In an appraisal of the policies that have already been installed, US government debt relatively reaching WWII leaves very little room for further support unless in desire of a centrally planned economy. The EU have been late to the party on cutting interest rates and conjuring money but should be applauded for government austerity in the face of a reducing tax base. Japan has morphed into a basket case but China continues to grow at an envious rate for the time being. Unfortunately negative interest rates for retail and corporate banks have not made them lend more but punished pension plans, mainly due to increased financial regulation.

Even more comical than which quarterly bubble private lending is funding in China, is that they have embarked on empowering the private sector, where as the US is empowering the government and the previously failed establishment. It is in fact a shame that the US information technology revolution of the last forty years have passed their rulers and central bankers by. Today “community” platforms (LC, TREE) are enabling borrowing from highest quality risk takers, to increase productivity and create growth, with enviable interest rates and data collection to the lender. Central bankers, however, continue to support their former work alumni and ignore calling for mandates to fund “community” platforms.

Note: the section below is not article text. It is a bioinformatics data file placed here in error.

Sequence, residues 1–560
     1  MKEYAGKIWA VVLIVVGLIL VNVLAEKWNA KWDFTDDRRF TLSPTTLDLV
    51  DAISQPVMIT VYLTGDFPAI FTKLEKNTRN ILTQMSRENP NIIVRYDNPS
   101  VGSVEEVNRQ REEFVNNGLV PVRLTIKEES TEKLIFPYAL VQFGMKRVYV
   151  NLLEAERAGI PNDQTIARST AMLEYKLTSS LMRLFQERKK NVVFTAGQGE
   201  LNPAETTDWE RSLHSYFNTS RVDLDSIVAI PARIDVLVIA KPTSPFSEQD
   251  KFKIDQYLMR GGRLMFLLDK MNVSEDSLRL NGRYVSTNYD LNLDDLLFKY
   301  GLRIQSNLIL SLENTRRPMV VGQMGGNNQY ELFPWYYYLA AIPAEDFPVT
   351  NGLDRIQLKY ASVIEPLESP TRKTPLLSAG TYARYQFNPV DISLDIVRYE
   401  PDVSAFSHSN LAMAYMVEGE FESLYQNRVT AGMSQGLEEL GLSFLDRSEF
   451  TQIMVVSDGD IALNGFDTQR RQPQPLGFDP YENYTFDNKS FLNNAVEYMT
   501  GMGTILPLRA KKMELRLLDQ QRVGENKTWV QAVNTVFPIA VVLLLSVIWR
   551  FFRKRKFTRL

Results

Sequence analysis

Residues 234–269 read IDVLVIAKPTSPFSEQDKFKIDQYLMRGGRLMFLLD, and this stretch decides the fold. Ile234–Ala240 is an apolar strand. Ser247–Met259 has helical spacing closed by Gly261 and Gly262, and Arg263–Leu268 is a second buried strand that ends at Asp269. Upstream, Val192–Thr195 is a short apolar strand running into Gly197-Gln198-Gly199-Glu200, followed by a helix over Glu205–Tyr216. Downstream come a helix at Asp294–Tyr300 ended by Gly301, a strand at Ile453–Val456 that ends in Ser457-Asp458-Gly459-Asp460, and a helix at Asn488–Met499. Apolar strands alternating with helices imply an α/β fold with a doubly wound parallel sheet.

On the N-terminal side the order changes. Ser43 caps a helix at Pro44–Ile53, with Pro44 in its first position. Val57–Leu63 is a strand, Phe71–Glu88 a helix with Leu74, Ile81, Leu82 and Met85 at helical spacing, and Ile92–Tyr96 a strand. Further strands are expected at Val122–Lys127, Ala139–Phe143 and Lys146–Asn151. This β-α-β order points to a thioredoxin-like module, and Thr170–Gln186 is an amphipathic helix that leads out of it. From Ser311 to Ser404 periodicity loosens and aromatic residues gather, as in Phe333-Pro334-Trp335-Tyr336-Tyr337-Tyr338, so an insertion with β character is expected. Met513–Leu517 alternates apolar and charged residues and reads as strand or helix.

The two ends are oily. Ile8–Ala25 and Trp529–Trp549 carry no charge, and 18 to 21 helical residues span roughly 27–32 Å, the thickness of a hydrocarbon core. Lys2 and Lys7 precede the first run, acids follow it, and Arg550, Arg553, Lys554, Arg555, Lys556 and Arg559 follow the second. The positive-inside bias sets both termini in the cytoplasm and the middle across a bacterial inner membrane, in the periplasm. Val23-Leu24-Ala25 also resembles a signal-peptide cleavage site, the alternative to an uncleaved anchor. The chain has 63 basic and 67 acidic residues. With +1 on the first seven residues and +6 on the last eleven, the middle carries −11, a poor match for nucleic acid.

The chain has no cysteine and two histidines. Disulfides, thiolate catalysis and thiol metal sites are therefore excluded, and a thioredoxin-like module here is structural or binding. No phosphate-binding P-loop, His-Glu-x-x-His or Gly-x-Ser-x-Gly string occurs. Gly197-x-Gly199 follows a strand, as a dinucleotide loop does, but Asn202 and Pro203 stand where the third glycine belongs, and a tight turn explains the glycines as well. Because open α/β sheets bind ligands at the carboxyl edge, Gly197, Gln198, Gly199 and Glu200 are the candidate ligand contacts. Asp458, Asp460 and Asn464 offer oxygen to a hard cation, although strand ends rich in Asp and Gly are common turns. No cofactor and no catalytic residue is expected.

In support of the old school at the US Federal Reserve, they correctly watched the stock market or as they call it “data” to help determine when to make their first interest rate rise, but now is the time to start waiting for yields in their unsupported bond market (TLT) to recover. Although employment is at high levels, US central bankers can be relaxed with their inflation mandate, as corporate profitability is very tight, lay-offs are preferable to reduced margins.

There is little room for error but a policy mistake can take us back to the last decade including a stock-market crash.